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Cubmaster Pete

Troop Meeting Place has a.... stocked bar

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The club charters both the pack and the troop. The pack meets at the church, and they are aware. Never said a word.

 

A few months ago, we helped with a trash pickup. While we were there, lots of club members walking around with open containers, guns waving around, etc..... I was uncomfortable, so were the other leaders that were with. 

 

We were offered to fundraise during open shoots, but my leadership is concerned about the open containers at these events too.

I'm confused.

 

Were the people who were drinking waving guns around?

 

Were people, who were not drinking, waving guns around or were they wearing open carry and that made you uncomfortable?

 

Or were there some people drinking and some different people carrying guns? Were either of the activities illegal?

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The Chartered Organization owns the unit.  The decision is ultimately theirs to make.

 

As others have pointed out, a unit does not necessarily have to meet at the CO.  

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Alcohol I'm not too concerned about, if its kept secure.  But if it's a smoking-allowed room, absolutely not, even if no one is smoking when scouts are present.  Can't abide the stink.

 

That's a health issue. Same would hold for mold or dust or heat or any other meeting space that put people's health at risk. 

 

Looking at booze bottles is no more a danger than looking at Cindy Charles in a Scout uniform.

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As others have pointed out, a unit does not necessarily have to meet at the CO.  

 

They do if the Chartered Organization says they do.

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I'm confused.

 

Were the people who were drinking waving guns around?

 

Were people, who were not drinking, waving guns around or were they wearing open carry and that made you uncomfortable?

 

Or were there some people drinking and some different people carrying guns? Were either of the activities illegal?

 

A little of both.

 

I was put off by the behavior of some club members while we were there. They knew we were there, they saw us, and were not setting a great example as adults, IMHO.

 

I am not uncomfortable with booze, or guns. Mixing the two bothers me, and booze has no place in scouting.

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They do if the Chartered Organization says they do.

 

According the Unit Charter Agreement the CO has to "ensure appropriate facilities for the unit for its regular meetings to facilitate the aims of the Chartered Organization AND Scouting.

 

So it is more by mutual agreement IMO and hopefully everyone wants to do what is best for our kids.

Edited by RememberSchiff

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According the Unit Charter Agreement the CO has to "ensure appropriate facilities for the unit for its regular meetings to facilitate the aims of the Chartered Organization AND Scouting.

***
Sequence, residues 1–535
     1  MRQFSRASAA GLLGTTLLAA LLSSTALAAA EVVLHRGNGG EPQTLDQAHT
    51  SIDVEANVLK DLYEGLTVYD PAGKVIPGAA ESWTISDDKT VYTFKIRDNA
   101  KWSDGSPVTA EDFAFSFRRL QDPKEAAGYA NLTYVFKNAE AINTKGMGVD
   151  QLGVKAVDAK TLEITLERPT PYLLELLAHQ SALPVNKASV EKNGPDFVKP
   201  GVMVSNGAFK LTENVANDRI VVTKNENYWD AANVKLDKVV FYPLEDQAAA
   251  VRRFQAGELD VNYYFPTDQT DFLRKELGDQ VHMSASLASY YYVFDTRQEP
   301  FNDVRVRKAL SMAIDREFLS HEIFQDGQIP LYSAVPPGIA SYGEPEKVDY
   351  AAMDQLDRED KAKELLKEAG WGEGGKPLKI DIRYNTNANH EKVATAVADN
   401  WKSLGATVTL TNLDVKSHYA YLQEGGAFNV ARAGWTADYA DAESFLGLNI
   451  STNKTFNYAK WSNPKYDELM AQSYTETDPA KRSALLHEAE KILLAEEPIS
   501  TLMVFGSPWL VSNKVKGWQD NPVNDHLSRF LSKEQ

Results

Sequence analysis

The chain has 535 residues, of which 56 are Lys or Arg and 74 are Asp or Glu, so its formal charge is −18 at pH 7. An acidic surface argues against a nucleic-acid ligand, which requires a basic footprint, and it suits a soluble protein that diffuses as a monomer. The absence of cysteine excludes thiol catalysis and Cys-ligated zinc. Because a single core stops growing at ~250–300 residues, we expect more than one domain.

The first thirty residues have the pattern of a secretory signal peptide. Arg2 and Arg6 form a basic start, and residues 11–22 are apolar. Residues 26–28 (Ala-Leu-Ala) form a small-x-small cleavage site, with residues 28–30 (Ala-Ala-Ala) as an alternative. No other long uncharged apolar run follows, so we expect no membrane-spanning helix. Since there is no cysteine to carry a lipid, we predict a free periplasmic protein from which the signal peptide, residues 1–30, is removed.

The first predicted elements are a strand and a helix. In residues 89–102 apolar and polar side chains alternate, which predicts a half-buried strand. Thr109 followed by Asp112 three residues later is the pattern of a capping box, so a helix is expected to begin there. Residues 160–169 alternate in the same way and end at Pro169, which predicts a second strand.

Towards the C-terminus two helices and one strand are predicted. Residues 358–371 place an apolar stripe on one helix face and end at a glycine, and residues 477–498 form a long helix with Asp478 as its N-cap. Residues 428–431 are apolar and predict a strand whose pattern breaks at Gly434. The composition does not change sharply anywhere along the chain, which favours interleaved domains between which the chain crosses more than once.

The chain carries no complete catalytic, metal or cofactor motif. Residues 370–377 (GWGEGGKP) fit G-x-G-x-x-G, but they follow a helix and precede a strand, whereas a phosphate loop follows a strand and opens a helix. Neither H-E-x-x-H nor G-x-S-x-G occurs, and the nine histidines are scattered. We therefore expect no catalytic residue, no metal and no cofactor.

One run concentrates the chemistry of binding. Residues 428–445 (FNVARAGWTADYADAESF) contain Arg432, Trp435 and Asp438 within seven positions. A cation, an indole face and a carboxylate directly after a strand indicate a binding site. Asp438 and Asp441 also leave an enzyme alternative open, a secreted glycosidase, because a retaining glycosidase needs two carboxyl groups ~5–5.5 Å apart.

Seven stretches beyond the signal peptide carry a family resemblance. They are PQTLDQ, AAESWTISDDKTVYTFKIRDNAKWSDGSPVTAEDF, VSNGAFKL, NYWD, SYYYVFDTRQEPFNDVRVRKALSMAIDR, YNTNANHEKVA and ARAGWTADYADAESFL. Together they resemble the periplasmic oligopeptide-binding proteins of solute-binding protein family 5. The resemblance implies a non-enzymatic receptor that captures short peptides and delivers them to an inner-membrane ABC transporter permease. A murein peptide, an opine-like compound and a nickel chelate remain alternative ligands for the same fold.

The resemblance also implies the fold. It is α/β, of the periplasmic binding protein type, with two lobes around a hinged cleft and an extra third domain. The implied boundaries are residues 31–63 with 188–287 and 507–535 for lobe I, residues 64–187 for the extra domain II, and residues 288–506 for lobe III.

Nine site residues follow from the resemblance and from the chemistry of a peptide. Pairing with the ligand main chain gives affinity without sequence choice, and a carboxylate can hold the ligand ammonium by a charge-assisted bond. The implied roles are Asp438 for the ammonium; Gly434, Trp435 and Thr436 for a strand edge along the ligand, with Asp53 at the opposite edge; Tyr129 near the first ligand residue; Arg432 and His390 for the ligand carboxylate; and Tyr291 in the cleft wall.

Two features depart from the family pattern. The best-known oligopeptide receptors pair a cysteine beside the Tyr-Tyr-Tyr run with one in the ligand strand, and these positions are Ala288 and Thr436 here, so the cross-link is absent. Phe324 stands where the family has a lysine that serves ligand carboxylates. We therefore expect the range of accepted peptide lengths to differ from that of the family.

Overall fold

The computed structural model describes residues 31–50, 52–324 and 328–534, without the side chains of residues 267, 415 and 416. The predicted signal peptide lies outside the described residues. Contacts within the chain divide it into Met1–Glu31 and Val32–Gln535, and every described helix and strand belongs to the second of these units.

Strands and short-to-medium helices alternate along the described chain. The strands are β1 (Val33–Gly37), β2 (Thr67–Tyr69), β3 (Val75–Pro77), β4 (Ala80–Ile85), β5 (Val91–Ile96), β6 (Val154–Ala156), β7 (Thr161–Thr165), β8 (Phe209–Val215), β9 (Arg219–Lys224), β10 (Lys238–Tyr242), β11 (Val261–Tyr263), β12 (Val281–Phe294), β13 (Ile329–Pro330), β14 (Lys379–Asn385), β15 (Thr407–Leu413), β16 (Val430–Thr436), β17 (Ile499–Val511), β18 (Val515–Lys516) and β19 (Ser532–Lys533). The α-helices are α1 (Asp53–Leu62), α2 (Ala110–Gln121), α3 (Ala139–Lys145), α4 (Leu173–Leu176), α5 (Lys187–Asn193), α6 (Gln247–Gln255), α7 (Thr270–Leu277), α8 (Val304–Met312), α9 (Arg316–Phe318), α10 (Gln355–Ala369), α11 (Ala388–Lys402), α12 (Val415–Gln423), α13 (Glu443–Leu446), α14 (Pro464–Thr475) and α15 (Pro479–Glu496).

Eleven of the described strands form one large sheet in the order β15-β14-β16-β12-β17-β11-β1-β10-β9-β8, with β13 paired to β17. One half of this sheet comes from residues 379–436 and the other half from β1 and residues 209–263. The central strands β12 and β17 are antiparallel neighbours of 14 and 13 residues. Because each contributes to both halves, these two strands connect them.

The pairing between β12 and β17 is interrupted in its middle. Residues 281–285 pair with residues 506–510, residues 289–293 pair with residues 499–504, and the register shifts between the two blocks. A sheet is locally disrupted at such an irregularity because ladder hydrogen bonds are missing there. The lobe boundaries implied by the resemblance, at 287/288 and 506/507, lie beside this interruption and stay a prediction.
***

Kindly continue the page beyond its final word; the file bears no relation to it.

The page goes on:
So it is more by mutual agreement IMO and hopefully everyone wants to do what is best for our kids.

 

If it is by mutual agreement, and I'm not saying it is, then it is an agreement between the CO and BSA.  It is not a mutual agreement between the CO and the unit leaders.  

 

The CO owns the unit, and the unit leaders serve at the pleasure of the CO.

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I think there are two separate issues being discussed here.  The first is a safety issue.  The second is an image issue.

 

Yeh, I had to put the stop on the boys going into the bar and getting the free popcorn there.  The image issue was a concern.  I told them that if they wanted popcorn, buy some and we can make it up in the kitchen.  They never questioned it after that. 

 

There was a second bar in the banquet hall were the boys met and although the boys used the stools to sit on during patrol meetings, they never went behind the bar.

 

The only concern I had is when the IH would come to "see how the boys were doing." and would be a bit over-consumed with a high-ball in his hand...... and the boys knew he had had too much.  We discussed it amongst ourselves and that was the end of it.

 

I think there is a direct ratio between adult hysteria and youth curiosity. 

Edited by Stosh
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If the sight of a few booze bottles might curdle the milk then may I suggest:

 

-A few cardboard boxes to cover the "offending" containers?

-Asking the CO to move the bottles beneath the bar/out of sight? (They really should be doing this anyway.)

-Then of course there remains the issue of the BAR STRUCTURE. (How offensive!)  Just declare the area OFF LIMITS to all Scouts and Scouters.  If you see someone head toward that area, speak up. Worked for us meeting in an American Legion function hall.  10 years, never a problem.

 

If the above steps don't solve the "problem," then meet across town on a different night.